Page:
Pharmacists are key members of the healthcare team. They provide expert advice to patients and other healthcare professionals on the safe use and supply of medicines.

Pharmacists are also trained in managing common clinical conditions and provide services to help people live longer and healthier lives.

To work in the UK, pharmacists must be professionally qualified and registered with the General Pharmaceutical Council (GPhC).

Starting your career

Choosing subjects at school

To get on a course that could lead to a career as a pharmacist, useful subjects include:

  • Chemistry
  • Biology
  • English
  • Maths
  • Physics
  • Administration and IT
  • Business Management

Work placements and volunteering

Doing a work placement could help you when applying to college, university, or for a job in healthcare. You’ll learn new skills, improve your knowledge, and discover what it’s like to work in the health service.

Find out how to apply for work experience with the NHS.

Our Health Boards also offer volunteering opportunities. You can help make a real difference to patients using healthcare services and their families. Find out more about volunteering in the NHS.


A Foundation Apprenticeship could be a great way to start your NHS career journey. Find out more about the Foundation Apprenticeship in Social Services and Healthcare.


In Scotland, 2 universities offer the GPhC accredited Master of Pharmacy degrees (MPharm):

  • Robert Gordon University in Aberdeen
  • University of Strathclyde in Glasgow

The 4-year MPharm degree is followed by a paid Foundation Training year. At the end of the training year, you'll be set the GPhC assessment to become a qualified pharmacist.

Widening participation

Widening participation supports adult learners who want to go to university. If you’re an adult with few or no qualifications, you can get into higher education through the Scottish Wider Access Programme (SWAP).

Many universities also provide access programmes to help you get the degree entry qualifications you need.

If you're a registered pharmacy technician, you can apply to do the MPharm degree to become a pharmacist. You'll then need to complete a foundation training programme in your workplace and pass the GPhC’s registration assessment.

For more information on related further and higher education courses, search My World of Work. You should check specific entry requirements before applying.

The role

As a pharmacist, you would use your expert knowledge of medicines and the effect they have on the body to help people manage their conditions.

The GPhC is changing the education and training process for future pharmacists. It means that by the summer of 2026, all pharmacists will be qualified independent prescribers at the point of registration. This will allow you to prescribe medicines and lead clinics in your place of work.

Community pharmacy

As a pharmacist working in a community pharmacy, you would help people with common clinical conditions, answer medication queries, and dispense prescriptions. You will also be responsible for supervising the sale of medications and for providing training for staff.

Hospital pharmacy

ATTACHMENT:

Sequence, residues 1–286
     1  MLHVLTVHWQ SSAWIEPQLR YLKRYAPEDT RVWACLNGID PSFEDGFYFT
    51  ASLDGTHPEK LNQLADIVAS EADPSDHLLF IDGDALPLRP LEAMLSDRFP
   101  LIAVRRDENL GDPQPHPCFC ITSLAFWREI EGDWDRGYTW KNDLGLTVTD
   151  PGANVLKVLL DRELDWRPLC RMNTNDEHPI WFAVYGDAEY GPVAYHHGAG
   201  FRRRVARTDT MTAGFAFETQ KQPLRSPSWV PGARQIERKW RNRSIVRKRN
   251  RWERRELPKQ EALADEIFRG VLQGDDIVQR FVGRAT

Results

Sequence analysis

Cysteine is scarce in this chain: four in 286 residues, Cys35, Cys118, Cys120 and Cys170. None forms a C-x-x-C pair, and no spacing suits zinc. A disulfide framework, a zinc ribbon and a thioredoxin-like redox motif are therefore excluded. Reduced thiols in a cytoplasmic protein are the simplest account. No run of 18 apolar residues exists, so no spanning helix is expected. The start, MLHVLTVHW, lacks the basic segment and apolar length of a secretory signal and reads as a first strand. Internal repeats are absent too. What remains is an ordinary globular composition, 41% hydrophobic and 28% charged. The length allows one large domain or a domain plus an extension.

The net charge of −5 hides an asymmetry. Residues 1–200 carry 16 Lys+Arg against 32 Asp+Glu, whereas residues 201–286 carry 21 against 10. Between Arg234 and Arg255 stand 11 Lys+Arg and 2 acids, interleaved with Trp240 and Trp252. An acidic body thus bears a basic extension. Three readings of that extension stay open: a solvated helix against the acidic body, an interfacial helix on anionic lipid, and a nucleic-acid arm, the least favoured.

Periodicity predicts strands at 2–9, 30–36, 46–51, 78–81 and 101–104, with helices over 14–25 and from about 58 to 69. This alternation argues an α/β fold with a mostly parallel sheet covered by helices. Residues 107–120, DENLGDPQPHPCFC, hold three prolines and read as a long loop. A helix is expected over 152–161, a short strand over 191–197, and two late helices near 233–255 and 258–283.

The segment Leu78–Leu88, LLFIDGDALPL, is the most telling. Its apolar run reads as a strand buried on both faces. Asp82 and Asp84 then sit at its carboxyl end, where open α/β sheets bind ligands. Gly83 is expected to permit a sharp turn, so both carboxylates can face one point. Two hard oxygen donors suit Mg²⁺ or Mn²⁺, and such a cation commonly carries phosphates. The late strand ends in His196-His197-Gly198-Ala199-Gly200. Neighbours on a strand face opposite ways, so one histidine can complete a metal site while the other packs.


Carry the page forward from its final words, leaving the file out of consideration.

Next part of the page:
If you are working within a hospital pharmacy, you will be involved in every stage of a patient’s hospital journey. You might review patients in clinics or see them when they come into the hospital unwell.

Primary care

You would make sure that medicines are prescribed safely, cost-effective, and appropriate for the disease. You’ll also be the key link between hospital and community pharmacy teams.

What you’ll do

Some of the typical tasks of a pharmacist include:

  • confirming what medications patients are taking and making sure they are appropriate
  • prescribing medications to allow patients to achieve their treatment goals
  • training and supervising staff in a hospital setting
  • making sure the supply and use of medicines is within the law, ethics, and local and national guidelines
  • monitoring the effects of treatments to make sure they are safe and effective
  • providing advice to others about the safe use of medicines

Top skills

You’ll need these skills:

  • compassion
  • communicating with people
  • working in a team
  • decision-making
  • leadership
  • problem-solving

Who you’ll work with

You could work with:

  • pharmacy technicians
  • pharmacy support staff
  • doctors
  • nurses
  • other healthcare professionals
  • administrative staff

Working environment

You could work in:

  • hospital
  • community pharmacies
  • GP practices
  • pharmaceutical companies
  • universities or colleges

Useful information

To work as a pharmacist in NHSScotland, you’ll need to:

Did you know?

There are around 4,000 registered pharmacists and over 1,200 pharmacies in Scotland.

Learning and development

You will need to renew your registration every year. This includes providing evidence that you are continuing to develop your knowledge and skills.

The professional body for pharmacists in the UK is The Royal Pharmaceutical Society (RPS). You can become a member as soon as you start studying for a pharmacy degree. The RPS provides courses, conferences, and seminars. They also offer post-registration training programmes for pharmacists at foundation, advanced, and consultant levels.

Career progression

You may choose to specialise in an area of pharmacy such as:

  • mental health
  • cancer care
  • paediatrics
  • addiction
  • research and development

You could also progress to senior and specialist pharmacist roles. To help you develop into these roles, there are a number of training pathways.

Once you have the necessary experience, you may choose to undertake a senior managerial role. You could become the head of a pharmacy service. There are also teaching and research opportunities.